What I Learned from Gardening


In a recent post I wrote about My Earthbox Garden along the way I posted my journey via Instagram.

These are some things I learned from gardening:

It's a lot harder than it looks. 

Gardening is not something that you can just throw some seeds into the dirt and you'll magically have beautiful plants form. Gardening is a process that takes lots of work and patience. 

If you do not use pesticides ( I did not cause they honestly freak me out. ), be prepared to check your plants everyday or every other day.

You can garden without pesticides, you just have to be on top of it. I was lazy and only checked my plants on the weekends and learned the following below. 

If you do not use pesticides, pests will use your garden as a buffet.

Again, you can garden without pesticides, you just have to be on top of it. I started to notice that some of my tomatoes were going missing. Yes, plucked from my plants. I then learned that squirrels were stealing my tomatoes, yes squirrels. I tried everything naturally from cayenne pepper, dog hair, tin foil (my plants looked like they were getting highlights!) and nothing helped. I refused to use fox pee because well, that's just nasty. A co-worker suggested that I buy a bird net and I was so happy that Earthbox had these Insect nets. I put on these nets and a few days later I had healthy tomatoes and I went back to making sure they had water and watching them grow. 

If you use netting, be sure to check your plants before you place a net over them especially if they are infested with hornworms. 

One day I noticed a few of my plants leaves were turning yellow and drying out. I also noticed some little dark spots on some fruits and leaves that looked like droppings... EW! Then I saw this three inch green and red caterpillar and it was so pretty.  They reminded me of The Very Hungry Caterpillar book but change out the apple for my tomatoes.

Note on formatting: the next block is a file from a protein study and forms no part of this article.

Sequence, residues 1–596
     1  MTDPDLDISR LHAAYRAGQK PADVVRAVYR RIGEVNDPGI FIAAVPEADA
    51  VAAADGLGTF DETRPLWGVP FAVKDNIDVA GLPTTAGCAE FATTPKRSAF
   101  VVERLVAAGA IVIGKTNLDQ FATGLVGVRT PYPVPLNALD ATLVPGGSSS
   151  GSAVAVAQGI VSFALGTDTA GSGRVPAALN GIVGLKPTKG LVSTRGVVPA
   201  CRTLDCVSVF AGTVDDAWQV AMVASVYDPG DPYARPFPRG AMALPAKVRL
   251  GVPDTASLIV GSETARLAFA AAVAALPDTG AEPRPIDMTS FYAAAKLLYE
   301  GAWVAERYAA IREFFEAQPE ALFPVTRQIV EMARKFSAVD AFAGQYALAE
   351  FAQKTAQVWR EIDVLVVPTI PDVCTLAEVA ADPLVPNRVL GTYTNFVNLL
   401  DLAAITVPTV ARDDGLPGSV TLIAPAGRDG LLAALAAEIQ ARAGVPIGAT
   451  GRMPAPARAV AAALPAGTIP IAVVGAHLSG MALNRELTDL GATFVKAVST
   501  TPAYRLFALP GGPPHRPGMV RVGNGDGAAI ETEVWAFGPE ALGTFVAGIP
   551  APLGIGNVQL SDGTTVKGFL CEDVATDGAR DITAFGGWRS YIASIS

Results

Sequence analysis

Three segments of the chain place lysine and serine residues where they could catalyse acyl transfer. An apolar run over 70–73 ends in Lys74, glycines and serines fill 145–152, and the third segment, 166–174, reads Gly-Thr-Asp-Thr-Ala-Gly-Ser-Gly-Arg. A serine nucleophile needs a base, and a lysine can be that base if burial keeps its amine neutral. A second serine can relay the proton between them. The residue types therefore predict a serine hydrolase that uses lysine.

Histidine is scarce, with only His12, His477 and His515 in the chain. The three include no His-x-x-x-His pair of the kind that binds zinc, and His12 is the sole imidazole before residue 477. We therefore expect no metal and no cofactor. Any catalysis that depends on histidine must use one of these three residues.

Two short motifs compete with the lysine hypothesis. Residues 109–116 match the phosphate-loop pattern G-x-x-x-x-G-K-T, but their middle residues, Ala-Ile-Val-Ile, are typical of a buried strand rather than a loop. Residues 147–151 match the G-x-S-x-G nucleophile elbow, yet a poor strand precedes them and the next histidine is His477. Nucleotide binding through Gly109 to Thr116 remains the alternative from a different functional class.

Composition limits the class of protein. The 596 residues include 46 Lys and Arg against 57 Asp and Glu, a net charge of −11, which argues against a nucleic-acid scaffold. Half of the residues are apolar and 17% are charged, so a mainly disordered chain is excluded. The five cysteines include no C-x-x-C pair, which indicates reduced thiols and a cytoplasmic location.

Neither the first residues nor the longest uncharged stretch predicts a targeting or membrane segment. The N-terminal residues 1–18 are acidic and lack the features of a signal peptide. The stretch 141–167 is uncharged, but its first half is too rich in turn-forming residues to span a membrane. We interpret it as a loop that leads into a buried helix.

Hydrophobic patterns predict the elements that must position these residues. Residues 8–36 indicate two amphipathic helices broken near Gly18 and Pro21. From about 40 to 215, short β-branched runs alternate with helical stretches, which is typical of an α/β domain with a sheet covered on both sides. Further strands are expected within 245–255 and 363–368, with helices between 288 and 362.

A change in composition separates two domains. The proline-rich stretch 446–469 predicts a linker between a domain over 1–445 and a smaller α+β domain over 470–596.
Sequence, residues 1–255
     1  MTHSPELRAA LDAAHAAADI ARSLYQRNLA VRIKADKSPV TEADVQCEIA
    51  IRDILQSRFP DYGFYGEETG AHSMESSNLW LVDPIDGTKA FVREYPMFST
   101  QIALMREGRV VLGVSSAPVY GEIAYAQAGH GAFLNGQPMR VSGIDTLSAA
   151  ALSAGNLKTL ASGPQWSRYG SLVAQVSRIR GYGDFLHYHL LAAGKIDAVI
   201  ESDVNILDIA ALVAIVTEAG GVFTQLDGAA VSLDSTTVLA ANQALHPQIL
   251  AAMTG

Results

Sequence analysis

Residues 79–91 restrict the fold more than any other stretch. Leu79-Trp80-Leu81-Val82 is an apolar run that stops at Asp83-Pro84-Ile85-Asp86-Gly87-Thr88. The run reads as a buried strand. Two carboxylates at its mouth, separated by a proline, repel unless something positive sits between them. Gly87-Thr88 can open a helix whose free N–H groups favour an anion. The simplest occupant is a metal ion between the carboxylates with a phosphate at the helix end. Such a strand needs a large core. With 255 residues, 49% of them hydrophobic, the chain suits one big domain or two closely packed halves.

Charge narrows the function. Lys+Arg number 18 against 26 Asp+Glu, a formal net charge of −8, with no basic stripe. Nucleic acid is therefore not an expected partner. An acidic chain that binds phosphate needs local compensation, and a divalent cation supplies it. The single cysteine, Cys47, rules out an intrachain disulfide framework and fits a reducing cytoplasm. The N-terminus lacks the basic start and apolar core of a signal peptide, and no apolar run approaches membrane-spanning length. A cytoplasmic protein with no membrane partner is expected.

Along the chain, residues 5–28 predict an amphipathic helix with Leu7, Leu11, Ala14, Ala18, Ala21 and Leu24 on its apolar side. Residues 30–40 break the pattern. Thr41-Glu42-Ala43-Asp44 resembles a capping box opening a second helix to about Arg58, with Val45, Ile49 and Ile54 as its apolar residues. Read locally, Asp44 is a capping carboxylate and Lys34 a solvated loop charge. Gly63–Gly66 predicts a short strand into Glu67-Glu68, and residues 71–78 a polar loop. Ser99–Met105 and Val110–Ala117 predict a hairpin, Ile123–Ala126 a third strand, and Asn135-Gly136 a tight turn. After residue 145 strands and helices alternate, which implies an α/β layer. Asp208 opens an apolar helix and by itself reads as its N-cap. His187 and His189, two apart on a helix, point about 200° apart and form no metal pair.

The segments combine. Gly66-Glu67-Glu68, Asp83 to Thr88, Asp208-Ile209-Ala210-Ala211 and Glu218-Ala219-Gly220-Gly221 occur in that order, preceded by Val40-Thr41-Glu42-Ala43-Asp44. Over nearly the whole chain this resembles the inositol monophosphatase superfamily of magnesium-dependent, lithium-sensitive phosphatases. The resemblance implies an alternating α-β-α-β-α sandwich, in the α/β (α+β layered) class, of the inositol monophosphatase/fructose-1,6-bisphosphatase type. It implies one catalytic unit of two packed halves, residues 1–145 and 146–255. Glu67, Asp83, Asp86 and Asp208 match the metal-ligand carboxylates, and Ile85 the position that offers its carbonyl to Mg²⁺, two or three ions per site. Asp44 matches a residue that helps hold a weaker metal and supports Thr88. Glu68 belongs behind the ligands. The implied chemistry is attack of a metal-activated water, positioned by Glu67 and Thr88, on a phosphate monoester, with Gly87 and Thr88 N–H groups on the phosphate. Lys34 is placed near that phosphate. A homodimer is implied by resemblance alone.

Come to find out they were hornworms, and apparently they are the worst pest for tomatoes. Yay me! I learned that handpicking them off of the plants was the best for removal so took my time finding these beautiful caterpillars on my plants and taking them off one at a time. I also plucked off the tomatoes they had eaten. The more tomatoes I plucked off of my plants the angrier I became. Who do these caterpillars think they are? These aren't for you! I researched how to get rid of hornworms and found this so one by one I dropped them into the soapy water and said goodbye. Whew! 

Luckily my peppers were not infested with these hornworms. I harvested a lot of thai and cayenne peppers which are now drying in my home. 

Start with 1 or 2 plants. 

I definitely think I got overexcited about gardening for the first time with eight varieties of tomatoes, 3 pepper plants, a brussels plant and five herbs. I should have started with a couple of plants and then gone from there. 

Harvest more often.  

Since I checked my plants once a week I would have large harvests (if my plants weren't ruined from pests) and most of my harvest would go bad because I didn't plan well. Next time around I will check my plants more and be able to enjoy my harvests more frequently. 

It's okay if plants die. 

Oh goodness when I found the hornworms, that was the point that I realized maybe I'm not supposed to garden. I would be so devastated if a plant died or tomatoes were eaten/stolen by pests. Then I thought about my sweet grandparents and how they garden each year and truly enjoy the process and that maybe I should enjoy it as well. It's okay if a plant dies, you learn from your experiences and you change your gardening habits. Plant a new plant and watch it grow. 

Here are some photos from my first year of gardening. 

Next year I will start a fresh container garden and learn new lessons. 

Thanks for reading. - Linds


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